Zara To Deploy Click-And-Collect Robots In Stores

Zara has long been known as a fast fashion leader, but the retailer has been slow in one area: fulfilling buy online/pick up in-store (BOPIS) orders. The bottlenecks are a particular problem for Zara, a division of Inditex, because one third of its global online sales are picked up in store locations, including the 85 shops located in the U.S. The retailer will deploy robots operating behind the scenes in stores, according to the Wall Street Journal. Shoppers will scan or enter a code at in-store collection points, which will trigger the robot to search for the correct package in a small warehouse, then deliver it quickly to a drop box.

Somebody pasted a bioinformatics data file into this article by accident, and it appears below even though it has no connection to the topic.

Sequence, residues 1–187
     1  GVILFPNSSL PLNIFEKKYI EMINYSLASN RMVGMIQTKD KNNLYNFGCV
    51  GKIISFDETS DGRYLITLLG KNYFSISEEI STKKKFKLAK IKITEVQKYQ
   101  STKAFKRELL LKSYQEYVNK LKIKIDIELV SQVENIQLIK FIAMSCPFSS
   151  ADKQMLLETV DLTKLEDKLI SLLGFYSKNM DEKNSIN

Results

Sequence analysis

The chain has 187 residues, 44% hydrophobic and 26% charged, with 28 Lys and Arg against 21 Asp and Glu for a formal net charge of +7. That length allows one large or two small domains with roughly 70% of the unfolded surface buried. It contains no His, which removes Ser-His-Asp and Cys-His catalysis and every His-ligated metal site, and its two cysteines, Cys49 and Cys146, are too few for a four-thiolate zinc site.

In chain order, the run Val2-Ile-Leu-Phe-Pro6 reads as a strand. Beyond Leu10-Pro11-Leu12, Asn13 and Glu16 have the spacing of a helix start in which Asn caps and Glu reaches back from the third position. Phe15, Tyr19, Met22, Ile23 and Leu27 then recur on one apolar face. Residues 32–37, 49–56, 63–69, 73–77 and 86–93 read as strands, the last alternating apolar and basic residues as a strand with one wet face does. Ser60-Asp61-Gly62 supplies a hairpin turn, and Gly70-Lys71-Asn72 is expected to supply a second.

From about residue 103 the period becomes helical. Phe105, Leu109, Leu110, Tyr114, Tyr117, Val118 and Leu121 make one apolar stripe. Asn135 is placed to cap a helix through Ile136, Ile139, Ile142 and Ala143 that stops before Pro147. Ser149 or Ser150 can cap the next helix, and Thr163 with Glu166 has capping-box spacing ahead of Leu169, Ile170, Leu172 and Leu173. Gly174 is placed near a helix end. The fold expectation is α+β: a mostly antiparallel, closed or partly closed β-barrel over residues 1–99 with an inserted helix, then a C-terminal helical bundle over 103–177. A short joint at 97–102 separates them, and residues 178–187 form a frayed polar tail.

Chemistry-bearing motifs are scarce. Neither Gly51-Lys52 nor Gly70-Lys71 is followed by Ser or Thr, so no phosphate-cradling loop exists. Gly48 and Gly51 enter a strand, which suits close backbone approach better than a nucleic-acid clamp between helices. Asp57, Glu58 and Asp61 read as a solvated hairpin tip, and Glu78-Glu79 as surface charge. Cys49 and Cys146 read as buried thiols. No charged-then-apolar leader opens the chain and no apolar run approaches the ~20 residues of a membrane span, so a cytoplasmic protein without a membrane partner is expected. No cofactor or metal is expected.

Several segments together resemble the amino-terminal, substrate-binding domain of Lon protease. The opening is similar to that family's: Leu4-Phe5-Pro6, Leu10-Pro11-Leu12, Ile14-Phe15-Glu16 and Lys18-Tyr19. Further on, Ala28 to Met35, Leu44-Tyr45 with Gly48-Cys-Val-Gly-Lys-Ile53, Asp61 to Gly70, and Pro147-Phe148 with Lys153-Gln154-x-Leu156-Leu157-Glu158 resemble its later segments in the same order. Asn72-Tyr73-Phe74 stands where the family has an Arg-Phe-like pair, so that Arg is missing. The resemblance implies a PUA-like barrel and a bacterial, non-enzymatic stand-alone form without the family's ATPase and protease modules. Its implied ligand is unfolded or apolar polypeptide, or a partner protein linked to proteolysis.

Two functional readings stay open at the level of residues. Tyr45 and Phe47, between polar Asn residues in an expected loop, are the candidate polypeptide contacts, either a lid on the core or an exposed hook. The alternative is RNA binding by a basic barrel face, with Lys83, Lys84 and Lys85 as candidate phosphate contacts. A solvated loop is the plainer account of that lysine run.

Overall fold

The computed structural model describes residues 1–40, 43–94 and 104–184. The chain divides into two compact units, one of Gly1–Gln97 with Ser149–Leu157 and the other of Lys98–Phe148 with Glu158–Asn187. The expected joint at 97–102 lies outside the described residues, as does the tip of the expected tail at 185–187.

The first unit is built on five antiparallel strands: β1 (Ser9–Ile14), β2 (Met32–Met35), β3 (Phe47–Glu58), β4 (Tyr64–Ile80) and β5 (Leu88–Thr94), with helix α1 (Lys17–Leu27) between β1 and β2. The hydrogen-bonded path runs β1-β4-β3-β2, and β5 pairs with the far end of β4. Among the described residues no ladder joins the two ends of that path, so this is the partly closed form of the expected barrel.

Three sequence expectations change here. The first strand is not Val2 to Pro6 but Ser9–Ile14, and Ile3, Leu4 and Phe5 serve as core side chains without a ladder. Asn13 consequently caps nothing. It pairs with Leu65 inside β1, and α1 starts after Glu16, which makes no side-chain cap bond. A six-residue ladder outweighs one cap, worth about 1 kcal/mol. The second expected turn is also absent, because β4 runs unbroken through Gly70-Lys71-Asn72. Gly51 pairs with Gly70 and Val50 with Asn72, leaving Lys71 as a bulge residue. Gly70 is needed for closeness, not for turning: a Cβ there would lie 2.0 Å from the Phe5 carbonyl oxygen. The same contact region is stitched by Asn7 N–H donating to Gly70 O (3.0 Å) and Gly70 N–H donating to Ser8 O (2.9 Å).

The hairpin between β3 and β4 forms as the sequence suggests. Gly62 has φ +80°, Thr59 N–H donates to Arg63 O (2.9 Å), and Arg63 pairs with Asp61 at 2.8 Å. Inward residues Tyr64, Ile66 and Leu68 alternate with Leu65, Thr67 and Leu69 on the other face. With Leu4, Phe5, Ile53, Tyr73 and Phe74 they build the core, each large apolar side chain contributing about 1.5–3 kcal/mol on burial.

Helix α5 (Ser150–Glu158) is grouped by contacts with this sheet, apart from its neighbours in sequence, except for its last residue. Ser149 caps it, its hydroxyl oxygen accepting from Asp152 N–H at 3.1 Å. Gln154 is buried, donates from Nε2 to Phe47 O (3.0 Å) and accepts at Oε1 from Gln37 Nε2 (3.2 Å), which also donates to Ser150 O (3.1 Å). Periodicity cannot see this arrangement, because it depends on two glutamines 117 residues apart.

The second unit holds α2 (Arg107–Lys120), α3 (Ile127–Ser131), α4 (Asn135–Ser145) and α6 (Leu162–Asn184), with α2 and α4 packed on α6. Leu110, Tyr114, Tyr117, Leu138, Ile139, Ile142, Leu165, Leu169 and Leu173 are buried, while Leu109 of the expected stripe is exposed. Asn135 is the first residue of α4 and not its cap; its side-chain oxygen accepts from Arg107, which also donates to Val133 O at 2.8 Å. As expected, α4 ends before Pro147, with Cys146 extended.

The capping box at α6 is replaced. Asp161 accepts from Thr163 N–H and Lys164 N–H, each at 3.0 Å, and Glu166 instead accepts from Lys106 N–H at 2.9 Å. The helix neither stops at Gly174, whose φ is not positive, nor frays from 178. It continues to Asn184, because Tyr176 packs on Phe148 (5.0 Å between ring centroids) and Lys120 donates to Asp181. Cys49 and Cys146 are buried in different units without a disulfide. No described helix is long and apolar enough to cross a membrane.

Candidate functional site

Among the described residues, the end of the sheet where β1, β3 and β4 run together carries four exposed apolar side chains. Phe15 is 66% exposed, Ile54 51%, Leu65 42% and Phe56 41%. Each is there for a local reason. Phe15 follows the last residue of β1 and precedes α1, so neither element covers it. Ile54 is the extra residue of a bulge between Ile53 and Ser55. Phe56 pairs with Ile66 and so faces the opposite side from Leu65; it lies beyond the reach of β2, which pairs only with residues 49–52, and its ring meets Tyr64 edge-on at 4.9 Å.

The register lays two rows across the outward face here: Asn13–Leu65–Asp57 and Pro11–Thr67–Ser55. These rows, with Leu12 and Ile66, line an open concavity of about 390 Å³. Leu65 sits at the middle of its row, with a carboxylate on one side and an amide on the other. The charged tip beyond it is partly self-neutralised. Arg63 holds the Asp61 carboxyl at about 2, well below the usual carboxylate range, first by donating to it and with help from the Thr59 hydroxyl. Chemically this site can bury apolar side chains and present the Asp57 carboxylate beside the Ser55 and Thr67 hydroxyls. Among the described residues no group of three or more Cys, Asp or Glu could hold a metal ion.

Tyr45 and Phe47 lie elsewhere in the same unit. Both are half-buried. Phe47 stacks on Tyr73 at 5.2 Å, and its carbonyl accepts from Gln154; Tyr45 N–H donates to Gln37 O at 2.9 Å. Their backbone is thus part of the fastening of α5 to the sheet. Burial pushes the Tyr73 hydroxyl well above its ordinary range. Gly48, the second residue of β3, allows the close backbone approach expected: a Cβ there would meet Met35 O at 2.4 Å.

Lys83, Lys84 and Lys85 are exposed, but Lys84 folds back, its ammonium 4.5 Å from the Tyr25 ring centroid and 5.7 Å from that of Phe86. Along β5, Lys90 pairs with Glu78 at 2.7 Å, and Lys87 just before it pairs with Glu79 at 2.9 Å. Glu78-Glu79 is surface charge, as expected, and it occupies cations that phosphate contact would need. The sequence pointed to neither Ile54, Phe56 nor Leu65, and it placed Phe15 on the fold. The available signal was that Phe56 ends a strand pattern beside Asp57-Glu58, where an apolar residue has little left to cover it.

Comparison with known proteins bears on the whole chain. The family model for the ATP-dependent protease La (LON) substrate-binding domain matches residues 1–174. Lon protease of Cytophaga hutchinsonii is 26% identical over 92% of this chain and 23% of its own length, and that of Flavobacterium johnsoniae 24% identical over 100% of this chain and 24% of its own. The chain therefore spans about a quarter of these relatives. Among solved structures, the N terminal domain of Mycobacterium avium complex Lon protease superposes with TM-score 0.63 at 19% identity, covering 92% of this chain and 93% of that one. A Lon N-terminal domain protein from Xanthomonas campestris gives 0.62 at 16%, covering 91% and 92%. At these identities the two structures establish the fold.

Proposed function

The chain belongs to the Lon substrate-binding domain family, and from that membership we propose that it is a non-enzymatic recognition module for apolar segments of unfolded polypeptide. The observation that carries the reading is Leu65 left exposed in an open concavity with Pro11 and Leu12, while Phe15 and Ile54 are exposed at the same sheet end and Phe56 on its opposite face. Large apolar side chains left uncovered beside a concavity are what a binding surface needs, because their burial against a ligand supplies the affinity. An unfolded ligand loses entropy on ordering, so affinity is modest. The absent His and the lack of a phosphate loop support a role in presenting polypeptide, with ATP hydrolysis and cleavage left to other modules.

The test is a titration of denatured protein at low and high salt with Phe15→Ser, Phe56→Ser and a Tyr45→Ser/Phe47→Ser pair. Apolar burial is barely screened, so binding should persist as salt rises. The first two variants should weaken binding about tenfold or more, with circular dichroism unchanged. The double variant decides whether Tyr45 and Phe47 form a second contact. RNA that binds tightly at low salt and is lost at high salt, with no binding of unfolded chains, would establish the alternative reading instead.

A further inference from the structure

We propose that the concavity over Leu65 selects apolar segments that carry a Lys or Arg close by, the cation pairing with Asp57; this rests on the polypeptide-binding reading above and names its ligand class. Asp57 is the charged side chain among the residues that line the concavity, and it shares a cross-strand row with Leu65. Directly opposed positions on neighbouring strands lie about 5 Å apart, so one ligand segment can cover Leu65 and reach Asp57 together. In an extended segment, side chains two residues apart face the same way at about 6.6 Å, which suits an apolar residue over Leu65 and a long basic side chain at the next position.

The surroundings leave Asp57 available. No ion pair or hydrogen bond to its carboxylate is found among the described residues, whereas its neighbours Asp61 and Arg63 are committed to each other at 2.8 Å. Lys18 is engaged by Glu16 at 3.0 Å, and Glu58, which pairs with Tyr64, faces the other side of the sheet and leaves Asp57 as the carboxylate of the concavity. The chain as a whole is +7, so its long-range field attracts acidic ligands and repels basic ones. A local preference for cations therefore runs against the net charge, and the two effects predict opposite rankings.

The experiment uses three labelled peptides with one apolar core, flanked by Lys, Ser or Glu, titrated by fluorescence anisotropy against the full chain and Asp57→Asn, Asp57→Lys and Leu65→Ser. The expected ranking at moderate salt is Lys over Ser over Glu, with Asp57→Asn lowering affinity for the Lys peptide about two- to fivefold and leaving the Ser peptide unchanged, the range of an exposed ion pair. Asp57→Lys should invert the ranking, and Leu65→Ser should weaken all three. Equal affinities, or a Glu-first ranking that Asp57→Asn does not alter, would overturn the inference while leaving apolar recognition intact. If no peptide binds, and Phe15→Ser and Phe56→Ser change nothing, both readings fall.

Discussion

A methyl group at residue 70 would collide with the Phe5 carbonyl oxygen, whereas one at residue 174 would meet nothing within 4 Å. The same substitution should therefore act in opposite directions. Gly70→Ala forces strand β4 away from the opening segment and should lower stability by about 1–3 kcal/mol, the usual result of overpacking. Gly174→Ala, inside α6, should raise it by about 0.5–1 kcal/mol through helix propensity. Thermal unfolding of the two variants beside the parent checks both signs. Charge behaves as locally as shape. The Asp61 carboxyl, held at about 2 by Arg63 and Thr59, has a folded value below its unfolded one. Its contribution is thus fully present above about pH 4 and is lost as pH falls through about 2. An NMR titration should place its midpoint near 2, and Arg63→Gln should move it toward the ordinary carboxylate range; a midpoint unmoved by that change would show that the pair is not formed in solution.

Exclusive CDO Q&A: BJ’s Goes All-In On Digital Transformation

In the midst of a multi-faceted digital transformation, BJ’s Wholesale Club is focused on offering convenience and value for its members. Recently appointed as the company’s first Chief Digital Officer, Rafeh Masood sat down with Retail TouchPoints for an exclusive and enlightening Q&A. Masood also will be presenting during the Retail Innovation Conference, May 1-2 in New York City, where he’ll share details on how he has been able to transform the culture and build out the digital team at BJ’s.

Walking Company Steps Into Bankruptcy, Blames Loss Of UGGs

  • Published in News Briefs